Needing just two points to clinch its 16th Hockey East regular season title, Boston College men’s hockey will host Maine in a two-game weekend series to wrap up the regular season. The Eagles (16-13-3, 16-6-0 Hockey East) shut out the Black Bears (16-12-4, 10-9-3) on their home ice for the first time in over 18 years last week and have taken five straight against them. The game will be aired on ESPN3, and available to stream on WatchESPN.
Think again before setting out poison for the neighborhood rat population, as a new study published by the Ventura County Public Works Agency shows that owls and hawks can be more effective in controlling rodent damage. The Agency presented data collected from its Raptor Study for Levee Protection using hawks and owls to control the rodent population.
With its win against Maine Saturday night, Boston College men’s hockey clinched its 16th-consecutive season with a winning record, a streak that dates back to 2001-02. The Eagles may be well on their way to another Hockey East championship, but it sure doesn’t feel like it. BC has failed to exceed expectations this season by any measure. Ranked No. 13 by USCHO at the start of the season, the Eagles now sit at No. 19 in the nation.
Muck Rack makes it simple to find people, tweets, or articles that mention any name, keyword, company, hashtag etc. We've compiled this guide to help you make the most of your search.
Selecting a term
Start searching tweets, articles from media outlets, articles mentioned in tweets, journalists'
names, titles and bios with some suggested searches:
Companies or Topics (e.g. iPhone, Microsoft)
Phrases (e.g. "cloud computing") — use quotes to keep the terms together
Twitter handles (e.g. @username) — returns those who have mentioned or replied to
Names (e.g. "David Pogue")
Hashtags (e.g. #sxsw, #london2012)
Bio details (e.g. vegan, Olympics, father)
Muck Rack's Advanced Search allows for many boolean operators.
Find results that mention multiple specified terms, use AND or
+. For example, ensure each result contains both Elon Musk and Mark Zuckerberg by
searching Musk AND Zuckerberg or Musk + Zuckerberg.
Use the operators OR or , to broaden your search when you'd like either of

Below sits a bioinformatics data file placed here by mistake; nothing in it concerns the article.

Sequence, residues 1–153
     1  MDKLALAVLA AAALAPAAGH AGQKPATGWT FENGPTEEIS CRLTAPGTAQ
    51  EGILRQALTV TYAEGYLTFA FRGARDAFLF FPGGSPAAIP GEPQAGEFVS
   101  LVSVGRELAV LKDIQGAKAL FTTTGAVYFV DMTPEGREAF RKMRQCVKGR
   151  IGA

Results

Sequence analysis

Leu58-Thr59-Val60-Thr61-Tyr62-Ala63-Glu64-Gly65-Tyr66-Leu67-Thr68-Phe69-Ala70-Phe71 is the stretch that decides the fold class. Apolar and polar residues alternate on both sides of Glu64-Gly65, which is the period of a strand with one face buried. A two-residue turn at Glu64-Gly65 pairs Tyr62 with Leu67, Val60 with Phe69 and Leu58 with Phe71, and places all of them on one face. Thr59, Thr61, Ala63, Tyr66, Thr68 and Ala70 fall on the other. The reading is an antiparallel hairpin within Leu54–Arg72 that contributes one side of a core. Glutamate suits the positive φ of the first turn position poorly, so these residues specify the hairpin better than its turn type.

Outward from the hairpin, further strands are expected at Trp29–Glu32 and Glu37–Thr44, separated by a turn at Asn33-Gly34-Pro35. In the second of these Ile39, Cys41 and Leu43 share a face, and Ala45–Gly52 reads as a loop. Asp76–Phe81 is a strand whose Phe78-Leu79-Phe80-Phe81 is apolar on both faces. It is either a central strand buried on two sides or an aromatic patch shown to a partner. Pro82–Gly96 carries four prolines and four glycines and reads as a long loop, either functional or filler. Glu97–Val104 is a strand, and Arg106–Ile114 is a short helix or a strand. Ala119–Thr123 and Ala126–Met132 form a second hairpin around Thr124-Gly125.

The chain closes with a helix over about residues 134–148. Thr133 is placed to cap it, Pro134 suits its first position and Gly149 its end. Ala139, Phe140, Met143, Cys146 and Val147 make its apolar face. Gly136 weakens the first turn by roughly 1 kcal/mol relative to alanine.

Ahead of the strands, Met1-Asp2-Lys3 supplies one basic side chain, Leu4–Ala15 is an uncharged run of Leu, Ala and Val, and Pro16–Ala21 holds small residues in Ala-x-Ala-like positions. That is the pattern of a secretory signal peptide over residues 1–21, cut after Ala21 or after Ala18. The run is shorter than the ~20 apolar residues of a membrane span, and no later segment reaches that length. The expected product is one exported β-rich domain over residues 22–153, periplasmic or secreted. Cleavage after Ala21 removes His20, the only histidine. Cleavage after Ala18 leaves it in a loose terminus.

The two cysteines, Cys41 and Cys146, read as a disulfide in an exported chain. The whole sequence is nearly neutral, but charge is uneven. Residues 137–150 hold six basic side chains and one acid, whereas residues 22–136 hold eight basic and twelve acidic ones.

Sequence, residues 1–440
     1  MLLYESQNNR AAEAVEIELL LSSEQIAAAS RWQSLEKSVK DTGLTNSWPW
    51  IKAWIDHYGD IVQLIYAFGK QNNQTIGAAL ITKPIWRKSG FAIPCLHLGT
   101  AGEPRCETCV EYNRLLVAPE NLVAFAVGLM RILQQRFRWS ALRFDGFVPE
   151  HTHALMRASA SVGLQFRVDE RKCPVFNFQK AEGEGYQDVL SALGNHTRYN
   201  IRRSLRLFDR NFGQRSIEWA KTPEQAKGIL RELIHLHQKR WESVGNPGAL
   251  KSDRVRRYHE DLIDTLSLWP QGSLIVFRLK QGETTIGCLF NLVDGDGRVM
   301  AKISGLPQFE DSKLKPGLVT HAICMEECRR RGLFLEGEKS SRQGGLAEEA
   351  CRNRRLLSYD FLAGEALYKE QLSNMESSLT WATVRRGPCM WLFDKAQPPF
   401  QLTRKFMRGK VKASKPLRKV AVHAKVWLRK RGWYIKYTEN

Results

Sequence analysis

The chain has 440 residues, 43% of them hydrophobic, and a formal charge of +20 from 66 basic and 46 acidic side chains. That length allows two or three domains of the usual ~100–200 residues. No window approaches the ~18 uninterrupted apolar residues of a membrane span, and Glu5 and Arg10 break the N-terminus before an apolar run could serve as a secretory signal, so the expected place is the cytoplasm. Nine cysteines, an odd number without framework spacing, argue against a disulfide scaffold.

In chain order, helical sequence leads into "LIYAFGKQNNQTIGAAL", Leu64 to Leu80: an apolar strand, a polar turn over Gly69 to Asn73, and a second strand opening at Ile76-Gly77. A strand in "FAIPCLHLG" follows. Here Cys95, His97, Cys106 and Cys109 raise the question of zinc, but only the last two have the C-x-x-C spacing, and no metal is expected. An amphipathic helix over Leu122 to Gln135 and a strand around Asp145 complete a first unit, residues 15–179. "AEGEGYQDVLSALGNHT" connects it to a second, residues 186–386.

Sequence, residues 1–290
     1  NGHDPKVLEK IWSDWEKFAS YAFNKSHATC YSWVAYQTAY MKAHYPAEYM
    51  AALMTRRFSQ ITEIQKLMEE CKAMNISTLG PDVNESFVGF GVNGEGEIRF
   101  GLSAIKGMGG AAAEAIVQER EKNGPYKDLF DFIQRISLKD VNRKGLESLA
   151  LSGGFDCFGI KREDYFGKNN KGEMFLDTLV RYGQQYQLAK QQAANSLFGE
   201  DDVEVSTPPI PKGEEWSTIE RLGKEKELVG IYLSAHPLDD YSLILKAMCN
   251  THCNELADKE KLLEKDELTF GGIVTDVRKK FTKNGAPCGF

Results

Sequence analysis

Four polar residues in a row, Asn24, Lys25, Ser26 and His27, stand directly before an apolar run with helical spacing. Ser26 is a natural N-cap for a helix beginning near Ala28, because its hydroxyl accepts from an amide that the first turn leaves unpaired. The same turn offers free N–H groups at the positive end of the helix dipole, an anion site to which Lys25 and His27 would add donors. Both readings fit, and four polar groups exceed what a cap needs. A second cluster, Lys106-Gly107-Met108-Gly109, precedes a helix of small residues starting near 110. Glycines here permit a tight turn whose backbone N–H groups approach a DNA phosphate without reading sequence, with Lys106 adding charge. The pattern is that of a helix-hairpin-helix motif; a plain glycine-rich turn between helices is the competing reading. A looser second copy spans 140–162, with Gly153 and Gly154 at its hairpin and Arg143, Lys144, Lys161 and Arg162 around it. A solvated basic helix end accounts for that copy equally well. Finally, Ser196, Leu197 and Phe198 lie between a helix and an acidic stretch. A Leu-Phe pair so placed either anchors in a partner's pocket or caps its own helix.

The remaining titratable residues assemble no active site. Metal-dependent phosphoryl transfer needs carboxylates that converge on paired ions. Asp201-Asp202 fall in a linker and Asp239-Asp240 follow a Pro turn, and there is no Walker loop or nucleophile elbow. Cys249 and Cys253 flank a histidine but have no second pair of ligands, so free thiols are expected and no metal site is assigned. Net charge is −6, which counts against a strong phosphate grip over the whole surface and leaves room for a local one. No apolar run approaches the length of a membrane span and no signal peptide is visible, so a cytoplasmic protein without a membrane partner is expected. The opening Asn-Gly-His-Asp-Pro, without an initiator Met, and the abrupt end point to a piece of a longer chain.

multiple terms to appear in results. (This is the default behavior of our search when no operators
are used). For example, results will contain either cake or cookie by searching cake OR cookie or cake,cookie
Use NOT or - to subtract results from your search. For
example, searching Disney will yield results about the Walt Disney Company as well as Walt Disney
World Resort. To exclude mentions of Disney World, search for Disney -World or Disney
When using one of these operators with a phrase, enclose it in quotation marks. For example, you can
find results about smartphones excluding Apple's iPhone 4S by searching smartphone -"iPhone
Exact case matching or punctuation
If you're searching for a brand name or keyword that relies on specific punctuation marks or capitalization, you can
find results that match your exact query by adding matchcase: before the keyword you're searching for, like matchcase:E*TRADE .
Use parentheses to separate multiple
boolean phrases. For example, to find journalists talking about having fun in Disney World or
Disneyland, search for ("disney world" OR disneyland) AND fun.
An asterisk can be used to search for any variation of a root word truncated by the asterisk. For example, searching for admin* will return results for administrator, administration, administer, administered, etc.
A near operator is an AND operator where you can control the distance between the words. You can vary the distance the near operation uses by adding a forward slash and number (between 0-99) such as strawberries NEAR/10 "whipped cream", which means the strawberries must exist within 10 words of "whipped cream".